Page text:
23rd Sunday 2021
Our reading from James 2 is an eye opener for us as Christians. The writer of this Epistle or letter is thought to be a leader of the early church in Jerusalem and not the Apostle James. His wisdom still applies to us today. This letter is not long, it is only 5 chapters, but it is packed with a lot of great insight for the people of his day as well as to us.
He says to show no partiality, especially when it comes to how you treat a well-dressed rich person vs a poor person in shabby clothes.
This reading made me think of how we might be inclined to treat a homeless person if they were to enter our church in shabby clothes.
Would we be inviting, or would we walk away from them and let the usher or the priest “handle” the situation?
Why do we treat the homeless person differently?
Are we doing what Jesus would do? Jesus did not look at a person from the outside, because he was fully divine as well as fully human. Jesus looked at their heart and regardless of their outer appearance, he helped them.
In the Gospel, Jesus heals a deaf man and takes away his speech impediment. Jesus puts his finger into the man’s ears, and he touched his tongue and healed him.
Would we do the same if the homeless person in shabby clothes came to us for help? Would we try to avoid that person instead of helping him?
This week, I have been praying about what more can I do and what more can we do as a parish to help the homeless and the poor in our area. Then the Spirit reminded me that we have a ministry that we support that does a lot for the homeless and the poor. We have a conference of the Society of St. Vincent de Paul, and we support them financially as a parish. That is a start, yes.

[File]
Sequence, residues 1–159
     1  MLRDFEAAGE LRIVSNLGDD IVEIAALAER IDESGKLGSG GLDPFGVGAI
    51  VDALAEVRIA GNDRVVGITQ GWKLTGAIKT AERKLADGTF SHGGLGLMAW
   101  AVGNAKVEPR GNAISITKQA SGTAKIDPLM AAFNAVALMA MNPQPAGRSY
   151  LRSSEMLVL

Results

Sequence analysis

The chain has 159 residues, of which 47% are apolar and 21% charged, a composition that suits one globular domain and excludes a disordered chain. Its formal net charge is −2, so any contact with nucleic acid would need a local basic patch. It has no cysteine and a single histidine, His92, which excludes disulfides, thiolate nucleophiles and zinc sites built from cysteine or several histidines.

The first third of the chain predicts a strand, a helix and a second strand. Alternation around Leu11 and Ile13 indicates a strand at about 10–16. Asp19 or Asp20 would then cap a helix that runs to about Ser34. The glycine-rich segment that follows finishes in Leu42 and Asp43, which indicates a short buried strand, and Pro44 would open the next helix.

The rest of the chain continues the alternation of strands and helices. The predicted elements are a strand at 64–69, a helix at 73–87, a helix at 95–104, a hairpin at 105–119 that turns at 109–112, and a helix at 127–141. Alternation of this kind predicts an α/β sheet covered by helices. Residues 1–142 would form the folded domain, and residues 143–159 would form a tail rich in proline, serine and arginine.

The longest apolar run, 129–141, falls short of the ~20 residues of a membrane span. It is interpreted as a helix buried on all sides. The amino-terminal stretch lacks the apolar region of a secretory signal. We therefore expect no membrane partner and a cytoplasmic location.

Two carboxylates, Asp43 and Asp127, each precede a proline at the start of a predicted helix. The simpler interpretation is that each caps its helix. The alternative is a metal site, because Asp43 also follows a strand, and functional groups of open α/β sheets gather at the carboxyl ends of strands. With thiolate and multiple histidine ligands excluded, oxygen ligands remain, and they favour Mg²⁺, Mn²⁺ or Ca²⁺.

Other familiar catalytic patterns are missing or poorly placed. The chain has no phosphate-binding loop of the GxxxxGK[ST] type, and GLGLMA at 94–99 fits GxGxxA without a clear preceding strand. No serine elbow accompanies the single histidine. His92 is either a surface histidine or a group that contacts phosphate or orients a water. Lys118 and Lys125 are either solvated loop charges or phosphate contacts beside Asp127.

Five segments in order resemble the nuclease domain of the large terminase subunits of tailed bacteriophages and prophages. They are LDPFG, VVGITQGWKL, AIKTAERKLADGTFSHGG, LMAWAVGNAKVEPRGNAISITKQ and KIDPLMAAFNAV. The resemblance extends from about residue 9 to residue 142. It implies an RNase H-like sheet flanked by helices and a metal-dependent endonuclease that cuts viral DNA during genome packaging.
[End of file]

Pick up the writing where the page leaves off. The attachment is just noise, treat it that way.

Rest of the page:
But we, that includes me, can DO more. They need more volunteers. We can volunteer to help the poor by getting involved in St. Vincent de Paul. We certainly give them a lot of our treasure as a parish. Now we should pray about giving them time and talent too.
In one of their formation manuals, it says this “In the course of his life and ministry, St. Vincent de Paul came to see that his charism, the grace given to him by the Holy Spirit to use for building up the Church – was to preach the good news to the poor and to make the love of God a reality in the lives of the poor. Vincent’s charism is captured in the grace of “finding the face of Christ in the poor.”
The manual also says that Jesus stands at the center of our Vincentian Charism. Jesus’ said, “You will always have the poor with you,” are the reason for Vincentian existence. The poor are the “preferential option” for Vincentians. Vincentians seek their holiness in service of the poor.
The members of the Society of St Vincent de Paul live out their charism each day in their actions, by person-to-person ministry and by home visits to the poor. COVID 19 has required some adjustments to their home visits, but they still go out to visit the poor to listen to their story and to help them with their needs.
Brothers and sisters, if you have ever thought about what more I can do to help the homeless and the poor in our area, then I highly recommend that you call their office this week (they may be closed on Monday for Labor Day) and speak to one of them about your desire to get involved.
You know that I normally do not spend most of my homilies talking about a particular ministry, but as I said the answer to my prayer was that I need to do more too.
Do we have any of the members of St Vincent de Paul here today in the mass? If you are here, please stand so we can recognize what you do!
We say thank you to all who support St Vincent de Paul and we encourage more of our parishioners to consider supporting them financially or by becoming a member of their local conference.
God bless you all and have a safe Labor Day holiday.